by Dr. Don Rose,Writer, Life Alert
If there’s one thing everyone should really take to heart, it’s medical advice about the heart, one of our two most vital organs (the other being the brain, of course). So use your brain and read on. Since heart advice can at times be hard to swallow, this article aims to make such information easier to, well, digest -- by using a question-and-answer format.
How can I remember the most basic ways to help prevent heart disease?
Just remember your A-B-C. As in:
- Avoid tobacco
- Be more active
- Choose good nutrition.
What are the main risk factors that cause or help induce heart disease?
Heart disease tends to be more prevalent in people who exhibit certain behaviors (risks developing from our actions or inaction, like smoking and physical inactivity), and in people who have medical warning signs (risks developing from conditions we may have inherited, like diabetes, high cholesterol and high blood pressure). The main risk factors:
- Smoking – cigarette smokers are up to four times more likely to develop heart disease than nonsmokers. Plus, believe it or not, secondhand smoke also kills tens of thousands. Ask your pharmacist about ways to help you quit, including nicotine patches, gum and other smoking cessation products and programs – and if you don’t smoke, avoid smoky areas and activities that are full of smokers!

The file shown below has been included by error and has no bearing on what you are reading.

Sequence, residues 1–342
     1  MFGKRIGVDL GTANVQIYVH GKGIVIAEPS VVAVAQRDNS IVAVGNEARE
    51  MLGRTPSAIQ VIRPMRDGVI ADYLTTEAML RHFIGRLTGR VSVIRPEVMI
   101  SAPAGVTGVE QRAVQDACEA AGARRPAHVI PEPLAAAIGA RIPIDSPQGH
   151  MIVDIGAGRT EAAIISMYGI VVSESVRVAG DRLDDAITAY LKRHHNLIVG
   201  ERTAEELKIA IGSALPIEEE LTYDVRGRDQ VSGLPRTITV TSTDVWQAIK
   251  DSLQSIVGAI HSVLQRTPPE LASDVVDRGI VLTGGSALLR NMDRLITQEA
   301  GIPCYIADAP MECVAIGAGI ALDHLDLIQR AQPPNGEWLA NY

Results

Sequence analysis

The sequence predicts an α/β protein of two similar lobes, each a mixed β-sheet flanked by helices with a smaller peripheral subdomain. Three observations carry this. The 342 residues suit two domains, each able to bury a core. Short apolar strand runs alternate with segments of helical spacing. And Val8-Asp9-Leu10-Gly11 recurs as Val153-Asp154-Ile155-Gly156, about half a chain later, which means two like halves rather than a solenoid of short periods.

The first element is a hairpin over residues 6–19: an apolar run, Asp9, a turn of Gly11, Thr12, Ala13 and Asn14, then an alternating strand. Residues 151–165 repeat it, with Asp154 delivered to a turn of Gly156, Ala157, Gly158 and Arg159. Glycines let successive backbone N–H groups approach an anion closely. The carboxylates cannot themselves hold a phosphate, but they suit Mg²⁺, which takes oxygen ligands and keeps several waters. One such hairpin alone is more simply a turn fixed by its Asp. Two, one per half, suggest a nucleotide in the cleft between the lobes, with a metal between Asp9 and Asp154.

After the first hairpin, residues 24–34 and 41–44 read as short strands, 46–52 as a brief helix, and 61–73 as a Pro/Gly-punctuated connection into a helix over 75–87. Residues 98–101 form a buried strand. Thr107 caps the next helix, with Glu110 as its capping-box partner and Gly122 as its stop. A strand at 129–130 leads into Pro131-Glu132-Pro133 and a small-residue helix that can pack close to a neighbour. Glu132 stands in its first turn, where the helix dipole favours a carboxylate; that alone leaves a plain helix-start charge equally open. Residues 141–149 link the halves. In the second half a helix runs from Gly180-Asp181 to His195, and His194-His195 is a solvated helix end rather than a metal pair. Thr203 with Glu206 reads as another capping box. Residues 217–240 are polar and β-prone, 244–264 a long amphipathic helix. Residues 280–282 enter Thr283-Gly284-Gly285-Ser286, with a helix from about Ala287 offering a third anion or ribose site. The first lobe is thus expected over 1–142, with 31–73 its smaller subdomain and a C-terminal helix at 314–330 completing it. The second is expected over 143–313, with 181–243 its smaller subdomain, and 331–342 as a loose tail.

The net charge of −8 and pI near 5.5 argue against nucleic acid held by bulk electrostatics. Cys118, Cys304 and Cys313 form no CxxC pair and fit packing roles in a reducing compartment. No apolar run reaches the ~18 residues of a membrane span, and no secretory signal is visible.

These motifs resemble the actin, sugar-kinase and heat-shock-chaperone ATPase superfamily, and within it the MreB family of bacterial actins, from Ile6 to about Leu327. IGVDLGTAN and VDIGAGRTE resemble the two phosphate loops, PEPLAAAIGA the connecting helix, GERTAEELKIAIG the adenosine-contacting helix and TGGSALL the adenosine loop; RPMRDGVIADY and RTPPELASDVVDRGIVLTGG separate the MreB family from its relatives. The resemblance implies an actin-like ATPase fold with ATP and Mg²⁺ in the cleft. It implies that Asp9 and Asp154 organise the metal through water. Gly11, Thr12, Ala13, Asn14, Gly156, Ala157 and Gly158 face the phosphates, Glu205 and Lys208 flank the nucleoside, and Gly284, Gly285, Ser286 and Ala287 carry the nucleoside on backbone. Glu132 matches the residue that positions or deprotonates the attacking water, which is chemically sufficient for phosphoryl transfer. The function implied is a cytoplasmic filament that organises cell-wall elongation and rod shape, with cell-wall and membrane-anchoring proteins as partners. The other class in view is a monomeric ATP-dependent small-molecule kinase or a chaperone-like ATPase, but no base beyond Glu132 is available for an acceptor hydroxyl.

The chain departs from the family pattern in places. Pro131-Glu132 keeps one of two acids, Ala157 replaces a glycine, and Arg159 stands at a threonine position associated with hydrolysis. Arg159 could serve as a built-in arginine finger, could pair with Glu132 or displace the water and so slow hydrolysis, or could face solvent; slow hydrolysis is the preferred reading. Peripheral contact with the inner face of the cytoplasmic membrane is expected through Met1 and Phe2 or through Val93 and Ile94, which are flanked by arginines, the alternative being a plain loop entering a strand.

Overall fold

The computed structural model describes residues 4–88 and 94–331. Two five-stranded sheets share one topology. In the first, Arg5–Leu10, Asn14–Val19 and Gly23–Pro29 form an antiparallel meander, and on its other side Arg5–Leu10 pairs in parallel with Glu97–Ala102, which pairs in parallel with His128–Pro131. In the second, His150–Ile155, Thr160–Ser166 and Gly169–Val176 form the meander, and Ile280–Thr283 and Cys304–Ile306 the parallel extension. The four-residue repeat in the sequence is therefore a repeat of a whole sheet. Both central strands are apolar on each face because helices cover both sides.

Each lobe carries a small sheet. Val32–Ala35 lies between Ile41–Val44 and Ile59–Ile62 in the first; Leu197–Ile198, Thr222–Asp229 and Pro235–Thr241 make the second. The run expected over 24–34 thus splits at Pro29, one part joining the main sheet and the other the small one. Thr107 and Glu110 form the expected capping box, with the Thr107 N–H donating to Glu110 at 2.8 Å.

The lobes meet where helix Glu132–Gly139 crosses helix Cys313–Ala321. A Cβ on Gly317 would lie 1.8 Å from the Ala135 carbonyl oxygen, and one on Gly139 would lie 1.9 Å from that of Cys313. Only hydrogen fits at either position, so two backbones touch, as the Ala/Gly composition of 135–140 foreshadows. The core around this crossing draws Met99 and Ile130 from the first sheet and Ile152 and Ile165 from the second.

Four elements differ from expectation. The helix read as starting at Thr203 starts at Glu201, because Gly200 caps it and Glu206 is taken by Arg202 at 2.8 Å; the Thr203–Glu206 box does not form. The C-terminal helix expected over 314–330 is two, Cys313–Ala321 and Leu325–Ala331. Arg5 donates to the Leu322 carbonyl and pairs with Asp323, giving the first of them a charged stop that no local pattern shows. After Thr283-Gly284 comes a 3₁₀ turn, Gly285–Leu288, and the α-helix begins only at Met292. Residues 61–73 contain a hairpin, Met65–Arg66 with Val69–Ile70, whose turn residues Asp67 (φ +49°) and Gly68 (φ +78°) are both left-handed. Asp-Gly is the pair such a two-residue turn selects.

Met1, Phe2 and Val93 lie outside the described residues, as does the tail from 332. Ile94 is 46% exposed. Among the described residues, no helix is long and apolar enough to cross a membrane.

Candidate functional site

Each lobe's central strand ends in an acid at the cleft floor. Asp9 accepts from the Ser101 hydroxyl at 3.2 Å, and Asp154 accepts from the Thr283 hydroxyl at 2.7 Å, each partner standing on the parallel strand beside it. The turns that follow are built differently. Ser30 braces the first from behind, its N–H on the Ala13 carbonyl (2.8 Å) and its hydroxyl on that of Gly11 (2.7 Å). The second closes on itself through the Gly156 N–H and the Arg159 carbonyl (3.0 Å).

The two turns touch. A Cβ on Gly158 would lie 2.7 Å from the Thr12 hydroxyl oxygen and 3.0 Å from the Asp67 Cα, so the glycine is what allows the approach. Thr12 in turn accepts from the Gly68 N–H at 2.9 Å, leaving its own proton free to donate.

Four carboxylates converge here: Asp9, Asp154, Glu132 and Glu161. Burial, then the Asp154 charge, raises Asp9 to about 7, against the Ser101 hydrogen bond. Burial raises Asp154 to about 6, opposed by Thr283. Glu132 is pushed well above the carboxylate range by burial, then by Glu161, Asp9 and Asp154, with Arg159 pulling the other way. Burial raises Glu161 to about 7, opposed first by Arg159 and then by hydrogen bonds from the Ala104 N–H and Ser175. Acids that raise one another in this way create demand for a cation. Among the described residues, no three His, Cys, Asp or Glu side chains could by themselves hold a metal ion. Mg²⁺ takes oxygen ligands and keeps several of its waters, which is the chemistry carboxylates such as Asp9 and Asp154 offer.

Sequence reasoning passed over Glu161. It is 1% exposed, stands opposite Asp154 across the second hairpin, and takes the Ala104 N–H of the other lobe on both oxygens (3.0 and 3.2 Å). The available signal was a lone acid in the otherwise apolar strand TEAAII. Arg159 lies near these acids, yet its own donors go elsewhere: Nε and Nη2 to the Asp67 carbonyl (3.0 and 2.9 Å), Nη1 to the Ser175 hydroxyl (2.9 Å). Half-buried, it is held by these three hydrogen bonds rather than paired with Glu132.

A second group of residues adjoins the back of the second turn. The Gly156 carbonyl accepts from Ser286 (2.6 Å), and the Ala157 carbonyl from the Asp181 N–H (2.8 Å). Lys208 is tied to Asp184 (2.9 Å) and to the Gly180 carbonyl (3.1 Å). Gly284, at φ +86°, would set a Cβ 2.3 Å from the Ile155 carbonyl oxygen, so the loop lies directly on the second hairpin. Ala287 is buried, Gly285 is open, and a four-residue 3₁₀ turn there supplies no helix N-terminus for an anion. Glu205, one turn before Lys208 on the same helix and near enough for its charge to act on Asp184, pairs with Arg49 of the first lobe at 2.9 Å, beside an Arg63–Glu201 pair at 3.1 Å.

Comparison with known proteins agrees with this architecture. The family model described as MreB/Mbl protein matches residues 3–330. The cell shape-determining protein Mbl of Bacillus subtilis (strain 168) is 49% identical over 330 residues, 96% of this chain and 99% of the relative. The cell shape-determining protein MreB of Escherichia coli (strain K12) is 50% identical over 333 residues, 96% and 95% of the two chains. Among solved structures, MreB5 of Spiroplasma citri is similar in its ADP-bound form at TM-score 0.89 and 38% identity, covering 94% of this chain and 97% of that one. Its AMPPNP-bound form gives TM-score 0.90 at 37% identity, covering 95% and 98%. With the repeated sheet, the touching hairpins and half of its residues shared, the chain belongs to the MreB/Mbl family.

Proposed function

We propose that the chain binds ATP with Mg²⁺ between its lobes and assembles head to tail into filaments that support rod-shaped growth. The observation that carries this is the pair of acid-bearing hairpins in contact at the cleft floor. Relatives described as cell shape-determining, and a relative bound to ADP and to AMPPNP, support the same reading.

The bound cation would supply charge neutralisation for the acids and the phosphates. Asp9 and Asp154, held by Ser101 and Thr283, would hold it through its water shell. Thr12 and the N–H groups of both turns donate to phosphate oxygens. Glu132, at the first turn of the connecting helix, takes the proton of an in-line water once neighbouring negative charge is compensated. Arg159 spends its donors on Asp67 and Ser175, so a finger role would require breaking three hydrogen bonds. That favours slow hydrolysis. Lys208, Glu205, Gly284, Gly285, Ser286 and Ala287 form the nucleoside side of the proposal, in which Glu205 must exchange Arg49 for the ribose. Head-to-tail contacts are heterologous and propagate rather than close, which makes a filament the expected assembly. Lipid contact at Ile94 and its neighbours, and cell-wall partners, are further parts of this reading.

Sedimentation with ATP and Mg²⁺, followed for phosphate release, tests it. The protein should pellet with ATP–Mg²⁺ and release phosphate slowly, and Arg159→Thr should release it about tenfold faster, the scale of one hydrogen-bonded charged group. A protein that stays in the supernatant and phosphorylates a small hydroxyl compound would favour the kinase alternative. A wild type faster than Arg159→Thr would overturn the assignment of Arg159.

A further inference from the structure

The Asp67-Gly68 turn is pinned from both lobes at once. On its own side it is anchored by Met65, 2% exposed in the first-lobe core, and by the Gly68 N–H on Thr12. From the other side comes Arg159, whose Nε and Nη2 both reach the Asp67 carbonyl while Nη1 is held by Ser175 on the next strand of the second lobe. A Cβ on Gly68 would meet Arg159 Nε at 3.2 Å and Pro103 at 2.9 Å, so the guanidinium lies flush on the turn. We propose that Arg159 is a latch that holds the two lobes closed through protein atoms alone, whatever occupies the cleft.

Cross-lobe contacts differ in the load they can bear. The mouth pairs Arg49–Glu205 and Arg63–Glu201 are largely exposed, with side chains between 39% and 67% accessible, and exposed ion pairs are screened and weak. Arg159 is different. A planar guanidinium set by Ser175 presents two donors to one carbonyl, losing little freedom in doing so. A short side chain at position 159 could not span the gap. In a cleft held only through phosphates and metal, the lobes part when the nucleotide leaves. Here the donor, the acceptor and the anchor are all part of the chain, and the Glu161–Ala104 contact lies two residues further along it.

- Physical inactivity – evidence shows that physical activity strengthens the heart, improves circulation and helps control weight. More good news: just 30 minutes of moderate activity a day helps protect heart health. If starting, work your way up to that goal, since exerting too much effort too quickly is not optimal either.
- Excess Weight and Obesity – overweight women are much more prone to develop heart-related problems (in addition to diabetes and dangerous levels of blood pressure, cholesterol and triglycerides). In contrast, diets low in sugar and fat, plus regular exercise, will help you maintain a healthy ticker.
- High cholesterol – as blood cholesterol levels increase, so does the risk of getting a stroke or heart attack, or suffering other life-threatening incidents. Cholesterol levels are affected by diet, heredity and age. Getting periodic tests is essential.
- High blood pressure – high blood pressure increases the workload of the heart, causing it to weaken over time. It also increases the risk of stroke, heart attack, kidney failure and congestive heart failure. High blood pressure usually has no obvious symptoms, but you can track your BP numbers at home with monitors, and many pharmacies have free automated machines that can measure BP as well.
- Diabetes – the risk of death from heart disease is up to four times higher in women with diabetes, even when glucose levels are under control. In fact, heart disease is the number one killer of all people with diabetes -- yet only 1 in 3 diabetes patients consider it a serious risk. 
If I want to maintain or lose weight, how much should I exercise?
The AHA (American Heart Association) recommends that adults get a minimum of 30 minutes a day of physical activity, at least 5 days a week.
What is the best exercise to help my heart? Does it matter what workout I do?
Just do it, as a certain shoe company once said. Or, put another way, just do something. Feel free to be creative. Working out can take many forms, from walking the dog to jogging to running a marathon (although you might want to work up to that last one).